Whether this is the main human template myth may be arguable, whether this is even the main Western mythic template somewhat less arguable, but that this generalized tale of The Hero With a Thousand Faces is the structure and inner reality of everything from the New Testament to Tarzan, from THE STARS MY DESTINATION to SIDDHARTHA, from the various tellings and retellings of the King Arthur cycle to the myths of Gilgamesh and Barbarossa, to endless samurai epics and much of Shakespeare, as well as DUNE, certainly is not.

So DUNE's superficially simple and derivative story line is not a cliche but the retelling of one of humanity's deepest and most powerful myths. Deep and powerful because it is the story of ourselves as we would like to be. Our adolescent selves identify with the young Paul because we all, one way or another, feel deprived of our rightful place at the center of the world. We all seek to escape from the usurping forces of repression into the wilderness of self-discovery where we will perform feats that will allow us to return to the seat of power and triumphantly confront the oppressors as the darling of destiny.

On this level, the tale can, and all-too-often has, become a psychologically fascist power fantasy; in fiction, and worse still, in the real world.

And this seductive appeal to egoistic power fantasies is certainly strong in DUNE, particularly to adolescents, most particularly to male adolescents, which partially explains the popularity of Frank Herbert's novel, and almost entirely explains the popularity of the imitative "science fantasy" that was to follow.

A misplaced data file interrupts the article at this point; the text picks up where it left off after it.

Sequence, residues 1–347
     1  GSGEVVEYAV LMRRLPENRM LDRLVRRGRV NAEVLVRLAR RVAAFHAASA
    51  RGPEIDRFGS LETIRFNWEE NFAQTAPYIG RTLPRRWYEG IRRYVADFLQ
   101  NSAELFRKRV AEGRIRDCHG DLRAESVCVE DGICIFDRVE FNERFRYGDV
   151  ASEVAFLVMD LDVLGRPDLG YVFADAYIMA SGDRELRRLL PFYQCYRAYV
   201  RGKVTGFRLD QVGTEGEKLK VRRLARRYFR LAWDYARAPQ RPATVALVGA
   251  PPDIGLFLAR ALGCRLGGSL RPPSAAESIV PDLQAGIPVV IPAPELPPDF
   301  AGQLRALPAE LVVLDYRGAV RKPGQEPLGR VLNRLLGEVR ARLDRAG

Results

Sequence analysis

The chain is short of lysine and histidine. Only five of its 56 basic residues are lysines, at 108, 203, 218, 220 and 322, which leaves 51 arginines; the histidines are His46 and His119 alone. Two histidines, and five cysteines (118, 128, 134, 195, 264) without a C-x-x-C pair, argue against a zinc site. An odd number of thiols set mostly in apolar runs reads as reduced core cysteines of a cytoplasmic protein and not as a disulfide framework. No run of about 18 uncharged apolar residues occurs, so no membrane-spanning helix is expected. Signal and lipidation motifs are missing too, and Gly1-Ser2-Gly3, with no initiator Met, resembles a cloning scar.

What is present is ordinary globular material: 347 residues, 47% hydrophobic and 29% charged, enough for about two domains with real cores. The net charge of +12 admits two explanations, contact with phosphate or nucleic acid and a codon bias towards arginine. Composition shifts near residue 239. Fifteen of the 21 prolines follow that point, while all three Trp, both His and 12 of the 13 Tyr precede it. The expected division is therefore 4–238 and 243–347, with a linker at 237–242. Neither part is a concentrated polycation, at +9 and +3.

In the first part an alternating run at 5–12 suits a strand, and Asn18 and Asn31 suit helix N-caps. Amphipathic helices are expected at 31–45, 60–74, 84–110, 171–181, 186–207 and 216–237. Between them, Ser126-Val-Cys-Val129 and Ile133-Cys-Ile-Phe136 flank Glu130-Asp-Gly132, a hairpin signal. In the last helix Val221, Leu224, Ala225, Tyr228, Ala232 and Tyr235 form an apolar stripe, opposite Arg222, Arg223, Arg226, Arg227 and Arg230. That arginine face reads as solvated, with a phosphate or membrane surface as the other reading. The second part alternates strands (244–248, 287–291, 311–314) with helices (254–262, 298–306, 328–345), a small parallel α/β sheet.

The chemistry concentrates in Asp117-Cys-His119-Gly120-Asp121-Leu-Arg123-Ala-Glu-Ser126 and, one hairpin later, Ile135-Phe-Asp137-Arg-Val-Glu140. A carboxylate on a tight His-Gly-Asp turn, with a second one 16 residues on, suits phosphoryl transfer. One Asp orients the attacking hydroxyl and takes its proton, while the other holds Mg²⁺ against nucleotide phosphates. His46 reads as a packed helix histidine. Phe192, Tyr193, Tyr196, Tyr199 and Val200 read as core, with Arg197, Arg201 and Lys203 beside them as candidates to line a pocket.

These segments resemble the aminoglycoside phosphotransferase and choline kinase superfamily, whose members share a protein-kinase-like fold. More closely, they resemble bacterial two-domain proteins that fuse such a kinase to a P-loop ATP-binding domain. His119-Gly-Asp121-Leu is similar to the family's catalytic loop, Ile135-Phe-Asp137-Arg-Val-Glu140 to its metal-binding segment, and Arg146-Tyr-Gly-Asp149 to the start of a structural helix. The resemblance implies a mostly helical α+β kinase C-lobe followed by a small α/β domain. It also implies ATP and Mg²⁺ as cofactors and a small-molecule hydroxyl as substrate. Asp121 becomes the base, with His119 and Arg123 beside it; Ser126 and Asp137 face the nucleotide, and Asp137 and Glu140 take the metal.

But on a deeper level, the level Joseph Campbell addresses, and a level that is fully present in DUNE, the ultimate adversary that the true hero (as opposed to the barbarian with a broadsword or the space cadet with a blaster) confronts in the nethermost pit of the moral and spiritual underworld is himself. The egoistic power-tripping self of the superficial level of the story.

And the climactic battle, the ultimate test, is a spiritual and moral one, between these two aspects of the hero; the false and the true, the merely physical and the mystical, the warrior and the man of knowledge, and what emerges to champion the cause of the people if the hero is successful is not merely an irresistible warrior, but a true Lightbringer, an Enlightened One, a Bodhisattva.

What makes DUNE such a unique and powerful retelling of the myth of The Hero With A Thousand Faces is that Paul, however imperfectly, understands this very dichotomy early on, and struggles with it, however ambiguously, throughout the bulk of the novel.